Space Weather Monitors- Stanford SOLAR Center

SID Monitors
DataObtaining a Monitor
For Educators
Installation and Use
The Team

Space Weather Monitors -- Preparing to Distribute Scientific Devices and Classroom Materials Worldwide for the IHY 2007 Students in Science and Engineering.

Scherrer, Deborah K. (Stanford U.); Benjamin Burress (Chabot Space & Science Center)

Stanford's Solar Center, in conjunction with the Space, Telecommunications and Radioscience Laboratory and local educators, have developed inexpensive Space Weather Monitors that students around the world can use to track solar-induced changes to the Earth's ionosphere.

Through the United Nations Basic Space Science Initiative (UNBSSI) and the IHY Education and Public Outreach Program, our Monitors have been designated for deployment to 191 countries for the International Heliophysical Year, 2007. In partnership with Chabot Space and Science Center, we are designing and developing classroom and educator support materials to accompany distribution of the monitors worldwide.

Earth's ionosphere reacts strongly to the intense x-ray and ultraviolet radiation released by the Sun during solar events and by lightning during thunderstorms. Students anywhere in the world can directly monitor and track these sudden ionospheric disturbances (SIDs) by using a VLF radio receiver to monitor the signal strength from distant VLF transmitters and noting unusual changes as the waves bounce off the ionosphere.

High school students "buy in" to the project by building their own antenna, a simple structure costing little and taking a couple hours to assemble. Data collection and analysis are handled by a local PC. Stanford is providing a centralized data repository where students and researchers can exchange and discuss data.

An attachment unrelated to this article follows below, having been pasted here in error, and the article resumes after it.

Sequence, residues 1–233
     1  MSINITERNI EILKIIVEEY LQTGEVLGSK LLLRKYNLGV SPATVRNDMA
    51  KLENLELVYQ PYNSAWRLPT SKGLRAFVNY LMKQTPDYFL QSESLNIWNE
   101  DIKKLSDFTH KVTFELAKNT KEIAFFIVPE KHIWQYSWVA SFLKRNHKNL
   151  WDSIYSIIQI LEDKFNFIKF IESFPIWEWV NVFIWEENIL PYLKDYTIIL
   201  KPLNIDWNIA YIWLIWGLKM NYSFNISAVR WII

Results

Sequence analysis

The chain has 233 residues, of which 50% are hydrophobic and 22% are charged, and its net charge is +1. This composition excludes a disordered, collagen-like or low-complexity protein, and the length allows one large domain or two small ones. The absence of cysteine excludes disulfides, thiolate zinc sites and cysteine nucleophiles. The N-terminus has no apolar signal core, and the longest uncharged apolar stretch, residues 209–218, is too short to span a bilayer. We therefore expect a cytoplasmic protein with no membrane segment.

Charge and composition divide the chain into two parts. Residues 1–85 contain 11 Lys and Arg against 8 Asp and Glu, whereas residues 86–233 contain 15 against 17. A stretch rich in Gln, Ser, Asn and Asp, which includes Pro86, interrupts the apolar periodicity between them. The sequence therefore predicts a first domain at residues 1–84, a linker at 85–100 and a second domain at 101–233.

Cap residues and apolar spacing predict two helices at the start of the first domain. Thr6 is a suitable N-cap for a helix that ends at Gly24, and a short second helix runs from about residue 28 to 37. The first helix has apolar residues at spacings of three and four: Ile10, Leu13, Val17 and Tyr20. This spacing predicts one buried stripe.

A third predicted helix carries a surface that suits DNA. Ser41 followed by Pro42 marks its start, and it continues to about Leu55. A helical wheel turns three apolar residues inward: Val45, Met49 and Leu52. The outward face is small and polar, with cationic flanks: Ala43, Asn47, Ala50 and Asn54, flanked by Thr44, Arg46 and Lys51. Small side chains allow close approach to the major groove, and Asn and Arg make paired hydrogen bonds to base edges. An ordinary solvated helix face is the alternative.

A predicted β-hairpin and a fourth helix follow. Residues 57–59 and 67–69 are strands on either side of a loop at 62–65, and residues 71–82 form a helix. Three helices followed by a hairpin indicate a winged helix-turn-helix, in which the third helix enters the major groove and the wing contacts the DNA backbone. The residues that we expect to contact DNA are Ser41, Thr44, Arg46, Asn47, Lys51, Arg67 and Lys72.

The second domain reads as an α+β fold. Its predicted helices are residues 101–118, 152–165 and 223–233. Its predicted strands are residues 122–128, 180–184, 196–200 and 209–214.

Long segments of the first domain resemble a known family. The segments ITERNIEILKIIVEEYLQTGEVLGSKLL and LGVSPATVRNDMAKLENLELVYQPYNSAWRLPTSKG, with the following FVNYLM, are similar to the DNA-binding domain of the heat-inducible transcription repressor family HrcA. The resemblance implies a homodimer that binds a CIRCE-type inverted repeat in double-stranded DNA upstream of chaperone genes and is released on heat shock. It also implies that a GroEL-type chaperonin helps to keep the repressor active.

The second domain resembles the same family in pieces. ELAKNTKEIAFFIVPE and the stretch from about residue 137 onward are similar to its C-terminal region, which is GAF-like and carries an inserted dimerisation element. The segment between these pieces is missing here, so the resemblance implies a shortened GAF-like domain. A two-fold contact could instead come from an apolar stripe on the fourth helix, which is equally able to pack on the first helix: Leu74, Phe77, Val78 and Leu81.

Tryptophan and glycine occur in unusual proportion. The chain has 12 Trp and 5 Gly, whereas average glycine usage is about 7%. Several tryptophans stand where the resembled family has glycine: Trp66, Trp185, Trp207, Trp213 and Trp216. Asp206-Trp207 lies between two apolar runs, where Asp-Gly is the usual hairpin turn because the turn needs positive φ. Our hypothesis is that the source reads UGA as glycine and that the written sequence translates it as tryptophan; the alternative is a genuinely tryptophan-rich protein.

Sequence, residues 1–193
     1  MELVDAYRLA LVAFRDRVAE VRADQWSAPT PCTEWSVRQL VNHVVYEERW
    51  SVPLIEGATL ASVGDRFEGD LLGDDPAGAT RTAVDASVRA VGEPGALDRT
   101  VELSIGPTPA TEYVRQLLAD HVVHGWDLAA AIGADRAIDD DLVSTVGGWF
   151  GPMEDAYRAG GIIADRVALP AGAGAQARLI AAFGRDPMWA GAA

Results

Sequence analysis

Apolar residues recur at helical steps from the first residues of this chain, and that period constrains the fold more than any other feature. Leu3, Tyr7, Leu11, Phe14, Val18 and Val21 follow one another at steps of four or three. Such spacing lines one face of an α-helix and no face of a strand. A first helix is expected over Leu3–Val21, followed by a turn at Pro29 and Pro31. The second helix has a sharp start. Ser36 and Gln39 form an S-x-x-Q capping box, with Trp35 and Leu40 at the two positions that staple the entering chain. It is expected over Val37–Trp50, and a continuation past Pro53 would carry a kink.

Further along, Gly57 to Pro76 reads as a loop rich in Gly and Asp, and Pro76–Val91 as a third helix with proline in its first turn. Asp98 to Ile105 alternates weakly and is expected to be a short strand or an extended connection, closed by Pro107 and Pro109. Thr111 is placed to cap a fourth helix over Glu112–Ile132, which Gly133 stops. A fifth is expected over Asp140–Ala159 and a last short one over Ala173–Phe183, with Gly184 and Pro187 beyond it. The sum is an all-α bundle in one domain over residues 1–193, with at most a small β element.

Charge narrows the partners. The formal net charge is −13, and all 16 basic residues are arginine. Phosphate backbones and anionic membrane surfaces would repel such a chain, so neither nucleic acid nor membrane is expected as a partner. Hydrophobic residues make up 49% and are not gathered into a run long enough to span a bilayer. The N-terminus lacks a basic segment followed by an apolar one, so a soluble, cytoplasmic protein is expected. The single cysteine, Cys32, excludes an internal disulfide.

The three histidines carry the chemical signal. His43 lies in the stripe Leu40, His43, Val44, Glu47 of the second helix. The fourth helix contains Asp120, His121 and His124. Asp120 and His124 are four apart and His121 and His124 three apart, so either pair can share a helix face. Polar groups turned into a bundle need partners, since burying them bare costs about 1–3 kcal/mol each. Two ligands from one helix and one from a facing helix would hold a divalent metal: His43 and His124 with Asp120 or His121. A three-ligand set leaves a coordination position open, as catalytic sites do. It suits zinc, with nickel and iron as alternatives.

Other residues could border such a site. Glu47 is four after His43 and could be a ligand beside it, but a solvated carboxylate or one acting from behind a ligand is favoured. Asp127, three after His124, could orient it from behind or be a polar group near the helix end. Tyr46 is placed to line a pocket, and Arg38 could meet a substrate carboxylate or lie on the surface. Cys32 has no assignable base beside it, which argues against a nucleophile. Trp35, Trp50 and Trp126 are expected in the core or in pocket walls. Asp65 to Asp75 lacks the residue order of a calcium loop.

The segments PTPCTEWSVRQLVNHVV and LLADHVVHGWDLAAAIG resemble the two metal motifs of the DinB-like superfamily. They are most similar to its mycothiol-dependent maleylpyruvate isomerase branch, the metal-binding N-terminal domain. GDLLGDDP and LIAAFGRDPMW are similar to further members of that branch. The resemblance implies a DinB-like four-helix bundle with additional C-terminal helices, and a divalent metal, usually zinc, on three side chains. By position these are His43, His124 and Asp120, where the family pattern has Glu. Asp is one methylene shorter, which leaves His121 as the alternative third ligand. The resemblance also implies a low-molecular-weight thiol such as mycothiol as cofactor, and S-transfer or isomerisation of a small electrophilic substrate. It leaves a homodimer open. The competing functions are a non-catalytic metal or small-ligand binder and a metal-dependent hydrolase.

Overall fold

Chabot Space & Science Center is an innovative teaching and learning center focusing on astronomy and the space sciences. Formed as a Joint Powers Agency with the City of Oakland (California), the Oakland Unified School District, the East Bay Regional Park District, and in collaboration with the Eastbay Astronomical Society, Chabot addresses the critical issue of broad access to the specialized information and facilities needed to improve K-12 science education and public science literacy. Up to 2,000 K-12 teachers annually take part in Chabot's professional development programs, in turn reaching up to 60,000 students each year.

Through the Chabot/Stanford partnership, we will be developing, testing, and evaluating classroom activities and laboratory research projects targeted to high school and community college-level classrooms, and a 3-day Teacher Training Workshop which will eventually be provided as an online/DVD training course accessible to educators around the world. Materials will be translated into the six official languages of the United Nations: Arabic, Chinese, English, French, Russian, and Spanish.

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